When Barb and Doug Minett opened The Bookshelf in 1973, they didn’t think it would be around 25 years. Now, 45 years later, the iconic Guelph landmark lives on and the pair are being honoured with doctor of laws degrees from the University of Guelph.
“It was surprising, but really lovely,” said Barb of the honour during an interview at her home on Wednesday.
The Bookshelf is probably the only book store/cafe/restaurant/bar/movie theatre in the world.
“I’m pretty sure of it,” said Barb.
When the store opened, they thought it was just about books, said Doug.
“But the interrelationship with the community is what made the place grow,” he said. “There is a really close linkage between the community and the business.”
The store had humble beginnings. The Minetts wanted to open a book store in downtown Guelph at a time when retail space was scarce.
“The original landlords, when they looked at our application to lease, said oh no, another book shop?” said Doug. “The book shops in Guelph at the time sold wallpaper and paint and cards. That was the mix.”
“That was the culture of the 70s,” added Barb.
The Bookshelf had three locations, but ended up in its current Quebec Street address in 1980. At the time it was a one-storey former carpet store.
That is when The Bookshelf Cafe concept opened, the first book store and cafe/restaurant in Canada. Over the year, a second storey theatre was built and they expanded sideways to accommodate Bookshelf.ca, a pioneering online book retailer business that began in the 1990s and was eventually sold to Indigo.
In the early 2000s, the pair made a gut check decision to keep the business open in the face of a changing retail landscape for book sellers in Canada. In the years since, they have watched countless other independent book sellers go out of business.
“Two went out of business in just the last month,” said Barb.
Doug noted the retail landscape has changed for everybody, not just book sellers.
“Especially when you look at the number of huge brands that have vanished. It’s quite amazing,” said Doug. “These are big famous brands that we thought would be there forever — the Sears’ of the world, Eaton's. Just go down the retail list.”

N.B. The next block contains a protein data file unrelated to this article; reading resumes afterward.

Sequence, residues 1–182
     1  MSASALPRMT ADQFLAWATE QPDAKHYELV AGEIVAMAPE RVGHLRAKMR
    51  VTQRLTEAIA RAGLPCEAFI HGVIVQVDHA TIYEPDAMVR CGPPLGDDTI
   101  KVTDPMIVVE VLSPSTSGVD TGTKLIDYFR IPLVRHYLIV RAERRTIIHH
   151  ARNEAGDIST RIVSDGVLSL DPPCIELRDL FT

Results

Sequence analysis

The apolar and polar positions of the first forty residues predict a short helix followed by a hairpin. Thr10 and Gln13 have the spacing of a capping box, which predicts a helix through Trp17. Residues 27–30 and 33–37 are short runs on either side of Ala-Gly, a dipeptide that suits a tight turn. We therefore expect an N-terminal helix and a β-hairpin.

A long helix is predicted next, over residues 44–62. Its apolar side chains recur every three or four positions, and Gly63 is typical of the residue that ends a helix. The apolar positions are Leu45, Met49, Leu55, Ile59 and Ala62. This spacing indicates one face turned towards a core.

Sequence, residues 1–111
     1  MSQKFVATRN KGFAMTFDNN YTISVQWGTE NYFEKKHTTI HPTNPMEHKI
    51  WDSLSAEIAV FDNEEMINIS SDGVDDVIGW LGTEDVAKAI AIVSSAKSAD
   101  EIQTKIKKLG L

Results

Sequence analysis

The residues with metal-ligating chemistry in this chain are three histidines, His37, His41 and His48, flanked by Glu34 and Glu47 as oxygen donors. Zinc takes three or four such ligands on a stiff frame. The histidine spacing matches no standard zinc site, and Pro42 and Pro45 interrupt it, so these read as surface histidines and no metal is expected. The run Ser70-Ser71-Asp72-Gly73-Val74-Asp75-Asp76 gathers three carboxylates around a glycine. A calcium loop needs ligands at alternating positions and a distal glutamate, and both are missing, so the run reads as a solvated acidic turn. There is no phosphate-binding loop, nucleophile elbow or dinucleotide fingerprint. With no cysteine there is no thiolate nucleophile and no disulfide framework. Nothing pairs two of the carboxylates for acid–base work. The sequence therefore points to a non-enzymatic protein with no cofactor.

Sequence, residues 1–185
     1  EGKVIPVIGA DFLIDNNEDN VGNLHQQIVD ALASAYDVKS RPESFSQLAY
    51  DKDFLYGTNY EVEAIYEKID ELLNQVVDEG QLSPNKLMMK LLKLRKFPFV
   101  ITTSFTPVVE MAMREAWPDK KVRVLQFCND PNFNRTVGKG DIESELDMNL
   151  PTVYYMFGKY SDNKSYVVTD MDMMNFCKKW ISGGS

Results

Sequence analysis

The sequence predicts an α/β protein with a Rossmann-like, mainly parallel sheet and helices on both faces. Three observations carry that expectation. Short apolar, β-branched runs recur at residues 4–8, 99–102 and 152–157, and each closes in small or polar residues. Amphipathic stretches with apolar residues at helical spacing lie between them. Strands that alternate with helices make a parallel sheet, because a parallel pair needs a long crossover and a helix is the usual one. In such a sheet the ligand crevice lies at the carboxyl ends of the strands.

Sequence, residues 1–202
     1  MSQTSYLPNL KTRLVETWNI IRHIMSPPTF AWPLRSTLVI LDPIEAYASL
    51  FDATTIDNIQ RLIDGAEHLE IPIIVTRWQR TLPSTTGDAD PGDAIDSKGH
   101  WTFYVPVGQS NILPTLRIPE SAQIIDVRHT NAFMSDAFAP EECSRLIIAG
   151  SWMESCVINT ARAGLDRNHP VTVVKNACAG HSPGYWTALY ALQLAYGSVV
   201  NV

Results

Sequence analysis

Barb’s thoughts of closing the shop hit a low point in September of 2001 when she was attending the Toronto International Film Festival and heard of terror attacks in the United States.
She thought the economy would be ruined.
“I came home the day after and I found (The Bookshelf) full of people who were talking and commiserating and just being with each other. I though then there was a place for us and that it was really important,” said Barb.
The Minett children, Ben and Hannah, were born into The Bookshelf lifestyle.
“Our kids always felt like The Bookshelf was their sibling, because it has a life,” said Barb. “There’s some kind of heart beating there.”
That’s one reason Hannah, Ben and his wife Stephanie took over management and ownership of The Bookshelf over five years ago, said Barb.
“I tried to discourage them, to be quite honest,” added Doug. “I said, ‘you don’t want to be saddled with the responsibility for this thing,’ but they really wanted to do it.”
On Thursday, the pair will each be honoured by the University of Guelph with a doctor of laws degree from the College of Arts for of their contribution to the city’s literature, film and ideas.
Barb said she is glad the university understands the importance of daily pleasures in every day life.
“We didn’t discover anything really fantastic, we don’t have huge brains. We just created something that people come to every day and enjoy,” said Barb. “It’s nice to have that recognized.”
She added, “I think we get library cards at the university.”
“I think they give us a hat,” quipped Doug.